One of the problems with my evolving theory, is that it explains why we can't break out. The problems are many. People think within these constraints, as their jobs come from it. We are involved in modern industrial civilization. Knowledge, and how we think of it is also involved. Further, it is my belief that any kind of reasonable goal that we plugged in to our new AI machines outside of profit, would yield results we cannot face. So, we can't talk about it because our communication is over these new channels. We can't think about it because knowledge is captured by big box stores and becomes our language in our day to day work. Even if we do break off and plug in the numbers, our results are not actionable. About all we have is if we can create perceived progress to sell stuff.
My why, then, is to help people after 1/x. Part of this is to maintain a small repository of live knowledge that is an alternative to the big box stores.
I decided that perhaps I was being unfair, and I should see what the Decoded show had posted recently. The most recent I found was this. The idea is that a deep web of technology, offered by the big box cloud companies, can be used to save the White Rhino. This idea seems intensely flawed to me. Sure, we can create safe zones for a narrow population to protect from poaching, but negative externalities behind this technology and supply chain are tilting ecosystems that supports all life, and in particular, the balance that vertebrates need. I can see the pain, sadness, and passion behind the people in this video. They are human, and are aware of the changes to the ecosystems that support vertebrates. Their intent is good.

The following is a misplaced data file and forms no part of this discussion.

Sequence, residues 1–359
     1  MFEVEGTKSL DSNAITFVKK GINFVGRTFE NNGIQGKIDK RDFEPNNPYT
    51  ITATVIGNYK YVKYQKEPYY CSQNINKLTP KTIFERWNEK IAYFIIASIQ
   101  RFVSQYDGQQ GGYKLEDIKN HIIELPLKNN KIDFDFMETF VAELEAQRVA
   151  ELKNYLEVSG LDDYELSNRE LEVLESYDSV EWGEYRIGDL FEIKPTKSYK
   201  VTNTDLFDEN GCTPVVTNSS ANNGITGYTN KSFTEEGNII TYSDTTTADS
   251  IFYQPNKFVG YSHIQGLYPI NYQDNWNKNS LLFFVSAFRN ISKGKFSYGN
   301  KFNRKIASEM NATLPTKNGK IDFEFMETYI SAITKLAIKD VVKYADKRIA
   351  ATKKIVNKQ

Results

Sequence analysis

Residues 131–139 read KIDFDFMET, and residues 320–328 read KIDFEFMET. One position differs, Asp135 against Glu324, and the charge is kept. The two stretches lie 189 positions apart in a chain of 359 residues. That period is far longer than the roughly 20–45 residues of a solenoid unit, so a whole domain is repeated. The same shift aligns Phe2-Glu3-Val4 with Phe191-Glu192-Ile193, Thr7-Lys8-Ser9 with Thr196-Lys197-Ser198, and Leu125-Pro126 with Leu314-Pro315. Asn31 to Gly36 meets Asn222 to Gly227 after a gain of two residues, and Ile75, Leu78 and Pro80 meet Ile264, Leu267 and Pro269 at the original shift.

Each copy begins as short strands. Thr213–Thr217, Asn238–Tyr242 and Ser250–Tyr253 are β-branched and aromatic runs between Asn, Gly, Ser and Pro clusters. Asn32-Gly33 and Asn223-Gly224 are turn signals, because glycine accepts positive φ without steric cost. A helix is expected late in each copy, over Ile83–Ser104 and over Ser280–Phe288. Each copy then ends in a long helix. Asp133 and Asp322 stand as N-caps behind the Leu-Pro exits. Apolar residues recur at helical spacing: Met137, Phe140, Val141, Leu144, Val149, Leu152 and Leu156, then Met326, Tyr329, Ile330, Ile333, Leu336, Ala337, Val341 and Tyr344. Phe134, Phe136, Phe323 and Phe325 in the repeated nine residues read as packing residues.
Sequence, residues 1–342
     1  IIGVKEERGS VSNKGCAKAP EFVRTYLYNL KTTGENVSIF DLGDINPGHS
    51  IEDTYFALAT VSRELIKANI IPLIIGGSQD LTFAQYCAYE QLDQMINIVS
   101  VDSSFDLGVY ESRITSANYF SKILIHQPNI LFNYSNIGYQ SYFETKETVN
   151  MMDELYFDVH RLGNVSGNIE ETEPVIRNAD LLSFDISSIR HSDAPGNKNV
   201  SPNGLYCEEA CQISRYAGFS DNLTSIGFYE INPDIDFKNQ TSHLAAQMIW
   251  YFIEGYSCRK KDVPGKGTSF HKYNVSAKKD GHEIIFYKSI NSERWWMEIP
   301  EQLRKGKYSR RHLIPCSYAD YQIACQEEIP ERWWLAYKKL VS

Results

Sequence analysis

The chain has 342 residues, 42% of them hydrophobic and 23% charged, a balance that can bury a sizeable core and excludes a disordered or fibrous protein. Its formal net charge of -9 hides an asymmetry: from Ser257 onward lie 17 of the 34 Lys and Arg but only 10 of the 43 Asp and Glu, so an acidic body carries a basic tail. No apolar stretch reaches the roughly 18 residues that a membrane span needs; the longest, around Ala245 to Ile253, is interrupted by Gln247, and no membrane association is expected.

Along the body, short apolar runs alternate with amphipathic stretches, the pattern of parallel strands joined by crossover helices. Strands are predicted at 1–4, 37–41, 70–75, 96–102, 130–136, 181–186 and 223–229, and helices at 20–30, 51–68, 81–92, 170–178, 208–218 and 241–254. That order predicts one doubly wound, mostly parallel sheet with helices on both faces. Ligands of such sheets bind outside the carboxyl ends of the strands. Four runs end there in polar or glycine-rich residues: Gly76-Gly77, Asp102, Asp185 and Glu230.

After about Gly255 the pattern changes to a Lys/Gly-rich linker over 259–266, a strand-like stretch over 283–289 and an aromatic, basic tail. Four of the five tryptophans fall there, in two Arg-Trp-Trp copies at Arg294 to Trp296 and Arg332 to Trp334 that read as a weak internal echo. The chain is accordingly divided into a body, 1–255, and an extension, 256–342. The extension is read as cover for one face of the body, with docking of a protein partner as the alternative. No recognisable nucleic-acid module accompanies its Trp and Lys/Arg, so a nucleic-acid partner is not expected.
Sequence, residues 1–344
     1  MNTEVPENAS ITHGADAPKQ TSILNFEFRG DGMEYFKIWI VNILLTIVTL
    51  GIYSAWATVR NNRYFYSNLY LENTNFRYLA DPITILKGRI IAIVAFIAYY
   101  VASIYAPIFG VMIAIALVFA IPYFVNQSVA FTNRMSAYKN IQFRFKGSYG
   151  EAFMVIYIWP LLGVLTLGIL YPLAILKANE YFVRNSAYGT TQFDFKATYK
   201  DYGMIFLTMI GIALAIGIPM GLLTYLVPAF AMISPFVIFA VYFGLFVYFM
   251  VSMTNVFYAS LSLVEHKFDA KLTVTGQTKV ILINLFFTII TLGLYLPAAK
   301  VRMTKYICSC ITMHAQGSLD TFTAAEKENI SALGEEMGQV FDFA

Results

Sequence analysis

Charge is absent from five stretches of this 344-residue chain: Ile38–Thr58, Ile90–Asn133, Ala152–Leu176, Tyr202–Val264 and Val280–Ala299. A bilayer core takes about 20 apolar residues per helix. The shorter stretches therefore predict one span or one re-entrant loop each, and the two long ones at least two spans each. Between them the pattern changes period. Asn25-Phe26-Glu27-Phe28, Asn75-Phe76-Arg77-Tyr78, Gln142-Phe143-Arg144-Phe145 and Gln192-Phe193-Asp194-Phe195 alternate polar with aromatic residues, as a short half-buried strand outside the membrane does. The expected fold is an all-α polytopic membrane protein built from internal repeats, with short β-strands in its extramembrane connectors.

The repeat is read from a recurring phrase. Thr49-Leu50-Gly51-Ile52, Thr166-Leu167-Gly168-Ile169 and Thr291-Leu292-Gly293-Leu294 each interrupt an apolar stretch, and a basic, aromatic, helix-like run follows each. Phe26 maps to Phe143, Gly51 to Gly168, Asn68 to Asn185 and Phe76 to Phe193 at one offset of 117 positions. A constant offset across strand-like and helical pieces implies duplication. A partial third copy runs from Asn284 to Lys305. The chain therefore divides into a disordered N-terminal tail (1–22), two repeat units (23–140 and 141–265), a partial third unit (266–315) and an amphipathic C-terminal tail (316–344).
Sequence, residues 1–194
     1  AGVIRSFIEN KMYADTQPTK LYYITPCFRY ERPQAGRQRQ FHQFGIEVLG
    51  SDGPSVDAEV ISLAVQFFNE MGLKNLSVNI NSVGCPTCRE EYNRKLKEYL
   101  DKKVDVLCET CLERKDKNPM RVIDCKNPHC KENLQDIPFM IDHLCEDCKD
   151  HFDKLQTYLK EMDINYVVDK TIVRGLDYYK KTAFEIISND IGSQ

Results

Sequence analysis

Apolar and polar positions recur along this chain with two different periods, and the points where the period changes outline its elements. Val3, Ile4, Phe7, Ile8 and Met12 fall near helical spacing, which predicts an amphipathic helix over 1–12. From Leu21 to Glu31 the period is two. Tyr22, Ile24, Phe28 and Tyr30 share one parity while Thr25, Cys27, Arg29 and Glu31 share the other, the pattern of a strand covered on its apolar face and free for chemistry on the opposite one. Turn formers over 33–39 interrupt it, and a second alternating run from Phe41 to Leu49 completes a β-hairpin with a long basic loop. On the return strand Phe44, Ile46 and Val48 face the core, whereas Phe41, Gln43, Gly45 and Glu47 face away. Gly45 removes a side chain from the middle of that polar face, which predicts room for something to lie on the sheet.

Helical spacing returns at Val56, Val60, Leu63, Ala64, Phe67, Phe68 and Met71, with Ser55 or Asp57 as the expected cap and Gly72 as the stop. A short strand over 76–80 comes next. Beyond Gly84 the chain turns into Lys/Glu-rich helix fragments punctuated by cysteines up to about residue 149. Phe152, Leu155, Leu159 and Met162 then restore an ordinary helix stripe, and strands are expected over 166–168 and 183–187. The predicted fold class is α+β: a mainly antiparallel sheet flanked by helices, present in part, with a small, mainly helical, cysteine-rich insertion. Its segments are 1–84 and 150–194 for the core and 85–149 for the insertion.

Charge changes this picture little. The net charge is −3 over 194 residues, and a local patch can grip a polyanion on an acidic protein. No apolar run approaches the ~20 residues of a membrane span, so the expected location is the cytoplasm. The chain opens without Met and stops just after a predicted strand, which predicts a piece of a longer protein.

This essay illustrates a particularly troublesome part of how I see the world. I am capturing techniques and knowledge for use in a civilization that doesn't exist. Further, I am capturing it for a population that is unlikely to be able to even use it. Most everybody that I know is inside the perspective I'm criticizing. It isn't like the solution is people wiring up an AI box in their basement. If anything, I share more with the engineer stitching together an intelligence grid and monitoring network to save the White Rhino than I do with Guy McPherson, Greta Thunberg, or even Donella Meadows. The solution I'm facilitating is getting people to look at the simple questions (Where are we? Where do we want to go? How do we get there?), but do it in a way that is outside of the current framework of industrial civilization, which is just as silly in some ways as trying to save the White Rhino in the context of failing ecosystems and resource contention. Reflecting on this gives me a different perspective, immediately. Am I proposing a reverse bootstrapping process? Why couldn't this be done within a big box solution? Let's turn this around a bit more. It is reasonable to assume that any real change needs to come from civilization itself, by leaders willing to face the implications of the full supply chain. It is also conceivable that to actually analyze and refactor supply chains from within industrial civilization as-is, we would need the power the big cloud infrastructure providers supply. I am assuming that this is so unlikely that I only consider 1/x. This doesn't really change my statement of purpose. It does change the view of my fight. I am not fighting any particular entity. I am iteratively enforcing a pure engineering view with questions of requirements and direction that consider the full supply chain, and a reverse bootstrapping scenario is more likely within present civilization. This is a good thing to remember.